Sunday, September 15, 2013

Life - what a concept!

Kaffikjelen asked:

I wonder: Why do you think evolution is such an accepted scientific theory, having been exposed to so much confirmation and peer-review? Is it all a conspiracy?

1. Steve has already responded in the combox.

2. I'd just add there's oftentimes a significant difference between what's communicated publicly about modern evolutionary theory and what's discussed among scientists as well as published in the specialist peer-reviewed journals and related literature.

a. For example, check out the references in James Shapiro's Evolution: A View from the 21st Century to read some of the specialist literature. Although even his "suggested readings for non-professionals" contains papers with misgivings about the traditional paradigm.

b. Also, here's another example, a roundtable discussion between George Church, Craig Venter, and the late Robert Shapiro (among others) over something in our cells called the ribosome (emphasis mine):

CHURCH: I'm a little more interested in the future than the past — but I don't dismiss it either. For example, on the top of Freeman [Dyson]'s wish list was ribosome archaeology. And Dimitar [Sasselov] asked, Is there a milestone that we think is significant.

The ribosome, both looking at the past and at the future, is a very significant structure — it's the most complicated thing that is present in all organisms. Craig does comparative genomics, and you find that almost the only thing that's in common across all organisms is the ribosome. And it's recognizable; it's highly conserved. So the question is, how did that thing come to be? And if I were to be an intelligent design defender, that's what I would focus on; how did the ribosome come to be?

The only way we're going to become good scientists and prove that it could come into being spontaneously is to develop a much better in vitro system where you can make smaller versions of the ribosome that still work, and make all kinds of variations on it to do really useful things but that are really wildly different, and so forth, and get real familiarity with this really complicated machine. Because it does a really great thing: it does this mutual information trick, but not from changing something kind of trivial, from DNA to RNA; that's really easy. It can change from DNA three nucleotides into one amino acid. That's really marvelous. We need to understand that better.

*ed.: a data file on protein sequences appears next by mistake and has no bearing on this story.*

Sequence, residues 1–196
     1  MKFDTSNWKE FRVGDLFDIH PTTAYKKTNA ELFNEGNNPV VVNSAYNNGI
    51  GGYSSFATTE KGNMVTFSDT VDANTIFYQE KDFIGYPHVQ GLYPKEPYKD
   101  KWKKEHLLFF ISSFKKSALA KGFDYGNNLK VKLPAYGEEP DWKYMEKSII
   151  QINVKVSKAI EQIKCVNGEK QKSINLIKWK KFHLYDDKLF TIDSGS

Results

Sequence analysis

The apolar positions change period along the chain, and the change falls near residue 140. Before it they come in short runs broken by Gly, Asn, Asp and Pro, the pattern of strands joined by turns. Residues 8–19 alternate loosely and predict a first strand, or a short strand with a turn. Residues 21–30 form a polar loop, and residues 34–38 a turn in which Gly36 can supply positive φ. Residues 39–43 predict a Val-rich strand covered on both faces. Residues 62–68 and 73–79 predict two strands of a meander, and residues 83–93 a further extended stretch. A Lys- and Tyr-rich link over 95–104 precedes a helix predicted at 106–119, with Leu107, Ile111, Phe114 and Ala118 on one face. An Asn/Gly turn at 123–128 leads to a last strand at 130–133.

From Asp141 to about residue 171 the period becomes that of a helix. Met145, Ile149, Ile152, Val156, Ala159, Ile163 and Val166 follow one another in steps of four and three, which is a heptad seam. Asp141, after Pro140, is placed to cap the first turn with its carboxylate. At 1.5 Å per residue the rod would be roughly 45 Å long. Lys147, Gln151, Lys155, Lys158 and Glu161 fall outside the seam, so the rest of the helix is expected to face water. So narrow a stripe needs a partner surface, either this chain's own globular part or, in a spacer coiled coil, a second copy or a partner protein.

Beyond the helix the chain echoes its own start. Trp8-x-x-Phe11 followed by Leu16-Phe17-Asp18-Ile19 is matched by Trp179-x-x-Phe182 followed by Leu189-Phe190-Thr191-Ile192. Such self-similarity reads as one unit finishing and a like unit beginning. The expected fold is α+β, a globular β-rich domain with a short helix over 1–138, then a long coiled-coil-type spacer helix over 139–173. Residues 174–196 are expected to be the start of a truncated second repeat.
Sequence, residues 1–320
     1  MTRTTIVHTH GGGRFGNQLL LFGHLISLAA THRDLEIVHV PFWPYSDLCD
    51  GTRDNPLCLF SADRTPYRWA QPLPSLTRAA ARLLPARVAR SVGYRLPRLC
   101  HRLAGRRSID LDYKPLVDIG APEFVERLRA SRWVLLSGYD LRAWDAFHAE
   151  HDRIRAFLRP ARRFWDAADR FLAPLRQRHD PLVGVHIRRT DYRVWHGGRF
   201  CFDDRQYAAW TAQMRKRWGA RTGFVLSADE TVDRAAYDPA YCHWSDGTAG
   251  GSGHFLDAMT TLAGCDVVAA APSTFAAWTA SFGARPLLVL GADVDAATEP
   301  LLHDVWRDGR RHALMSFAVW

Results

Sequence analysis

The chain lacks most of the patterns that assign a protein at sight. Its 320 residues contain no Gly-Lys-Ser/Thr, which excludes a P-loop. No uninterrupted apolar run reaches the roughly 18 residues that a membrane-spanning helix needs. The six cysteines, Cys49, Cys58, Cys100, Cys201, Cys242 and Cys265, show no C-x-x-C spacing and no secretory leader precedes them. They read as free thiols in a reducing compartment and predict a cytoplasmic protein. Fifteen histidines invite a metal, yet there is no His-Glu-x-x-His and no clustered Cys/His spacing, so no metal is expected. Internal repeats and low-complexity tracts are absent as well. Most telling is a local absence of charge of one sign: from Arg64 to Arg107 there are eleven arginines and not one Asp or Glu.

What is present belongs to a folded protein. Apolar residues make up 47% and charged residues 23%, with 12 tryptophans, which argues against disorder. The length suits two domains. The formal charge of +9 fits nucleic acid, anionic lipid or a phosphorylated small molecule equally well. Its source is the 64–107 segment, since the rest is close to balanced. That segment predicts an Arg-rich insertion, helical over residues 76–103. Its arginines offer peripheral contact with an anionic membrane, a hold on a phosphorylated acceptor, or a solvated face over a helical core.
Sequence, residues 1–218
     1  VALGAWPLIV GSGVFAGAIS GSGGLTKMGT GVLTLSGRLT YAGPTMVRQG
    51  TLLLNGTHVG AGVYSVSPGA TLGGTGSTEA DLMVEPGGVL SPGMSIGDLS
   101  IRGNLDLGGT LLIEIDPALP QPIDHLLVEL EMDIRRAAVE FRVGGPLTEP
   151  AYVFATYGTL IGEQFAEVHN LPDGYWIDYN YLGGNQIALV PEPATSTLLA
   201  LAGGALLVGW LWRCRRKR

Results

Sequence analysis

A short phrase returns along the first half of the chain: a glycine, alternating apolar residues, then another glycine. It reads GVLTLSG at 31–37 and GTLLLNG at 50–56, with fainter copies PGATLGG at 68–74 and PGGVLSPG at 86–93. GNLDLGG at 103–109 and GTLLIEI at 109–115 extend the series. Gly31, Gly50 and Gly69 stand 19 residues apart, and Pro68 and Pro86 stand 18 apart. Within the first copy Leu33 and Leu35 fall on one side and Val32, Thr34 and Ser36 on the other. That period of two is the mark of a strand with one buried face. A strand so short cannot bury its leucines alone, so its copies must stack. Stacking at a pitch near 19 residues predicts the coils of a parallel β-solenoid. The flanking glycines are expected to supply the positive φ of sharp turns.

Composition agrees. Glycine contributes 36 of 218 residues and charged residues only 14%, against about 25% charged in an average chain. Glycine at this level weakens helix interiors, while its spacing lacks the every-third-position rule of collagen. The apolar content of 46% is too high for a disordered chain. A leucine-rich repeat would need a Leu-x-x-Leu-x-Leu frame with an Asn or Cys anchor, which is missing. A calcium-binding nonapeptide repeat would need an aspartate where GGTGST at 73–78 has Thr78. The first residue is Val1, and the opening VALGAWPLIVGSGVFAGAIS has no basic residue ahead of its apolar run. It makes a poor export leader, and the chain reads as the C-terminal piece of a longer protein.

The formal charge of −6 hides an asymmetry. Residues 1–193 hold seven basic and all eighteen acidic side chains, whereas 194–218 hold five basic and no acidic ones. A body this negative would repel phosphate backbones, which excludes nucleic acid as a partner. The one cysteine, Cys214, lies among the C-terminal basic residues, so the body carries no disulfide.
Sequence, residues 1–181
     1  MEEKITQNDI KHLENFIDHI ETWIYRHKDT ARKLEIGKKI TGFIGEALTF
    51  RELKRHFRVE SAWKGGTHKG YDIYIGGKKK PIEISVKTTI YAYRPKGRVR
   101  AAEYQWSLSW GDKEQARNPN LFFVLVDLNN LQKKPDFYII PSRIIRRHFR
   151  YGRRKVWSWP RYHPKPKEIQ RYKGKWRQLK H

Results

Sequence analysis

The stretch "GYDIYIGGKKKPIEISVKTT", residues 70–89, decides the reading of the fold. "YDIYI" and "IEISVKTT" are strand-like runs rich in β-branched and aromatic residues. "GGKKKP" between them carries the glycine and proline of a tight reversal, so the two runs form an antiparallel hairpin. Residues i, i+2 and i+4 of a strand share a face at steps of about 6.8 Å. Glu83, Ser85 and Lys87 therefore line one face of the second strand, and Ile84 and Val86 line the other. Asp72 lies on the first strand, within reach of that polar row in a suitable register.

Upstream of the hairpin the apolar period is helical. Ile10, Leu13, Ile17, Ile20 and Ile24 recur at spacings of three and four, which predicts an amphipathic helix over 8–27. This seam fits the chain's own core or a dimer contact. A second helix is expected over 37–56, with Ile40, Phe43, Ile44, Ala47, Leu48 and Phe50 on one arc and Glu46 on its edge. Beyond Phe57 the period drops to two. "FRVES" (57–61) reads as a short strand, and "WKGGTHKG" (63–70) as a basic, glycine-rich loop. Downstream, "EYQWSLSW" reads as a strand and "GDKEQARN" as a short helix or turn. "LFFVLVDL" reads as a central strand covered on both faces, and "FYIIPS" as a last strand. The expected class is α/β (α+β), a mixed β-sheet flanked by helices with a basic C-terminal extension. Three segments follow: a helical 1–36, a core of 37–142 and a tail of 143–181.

VENTER: And you can't have life without it.

CHURCH: Definitely. It's common to all life. We need to understand that, and the way we're going to fund it — there's not that much funding for prebiotic science, but if there's a lot of funding for understanding the ribosome in the future and in the present, inevitably it will much enable studies of it in the archaeological and ancient biology sense.

VENTER: But using these tools, it's my hope we can do something similar to what you suggest. We can extrapolate back once we have the database of Planet Earth genes to what might have been a precursor species, and then we should be able to build that in the lab and see if it was really viable, and then start to do component mixtures to see if you can spontaneously generate such things.

CHURCH: But isn't it the case that, if we take all the life forms we have so far, isn't the minimum for the ribosome about 53 proteins and 3 polynucleotides? And hasn't that kind of already reached a plateau where adding more genomes doesn't reduce that number of proteins?

VENTER: Below ribosomes, yes: you certainly can't get below that. But you have to have self-replication.

CHURCH: But that's what we need to do — otherwise they'll call it irreducible complexity. If you say you can't get below a ribosome, we're in trouble, right? We have to find a ribosome that can do its trick with less than 53 proteins.

VENTER: In the RNA world, you didn't need ribosomes.

CHURCH: But we need to construct that. Nobody has constructed a ribosome that works well without proteins.


SHAPIRO: I can only suggest that a ribosome forming spontaneously has about the same probability as an eye forming spontaneously.

CHURCH: It won't form spontaneously; we'll do it bit by bit.

SHAPIRO: Both are obviously products of long evolution of preexisting life through the process of trial and error.

CHURCH: But none of us has recreated that any.

SHAPIRO: There must have been much more primitive ways of putting together catalysts.

CHURCH: But prove it.


BTW, here's an idealized animal cell to better situate people (click to enlarge):

On the one hand, Church, Venter, and Shapiro all but agree the ribosome is irreducibly complex (although they don't want to have to use the term). They agree a ribosome can't be further broken down into smaller bits and pieces from an evolutionary perspective: we "can't get below that," i.e., a ribosome that's composed of "53 proteins and 3 polynucleotides".

But on the other hand, at least as far as I'm aware they're all atheists or agnostics, as well as neo-Darwinists, and so must have "self-replication" of one sort or another to explain the origin of life in accord with their worldview. Venter proposes the RNA world, while Shapiro (from elsewhere) would favor a metabolism first hypothesis. But Church essentially says there's no empirical proof.

In other words, they're aware there are problems explaining how the ribosome could have come into being given modern evolutionary theory, which at a minimum implicitly casts some doubt on at least some aspects of the theory, but they seem reluctant to explicitly say so.

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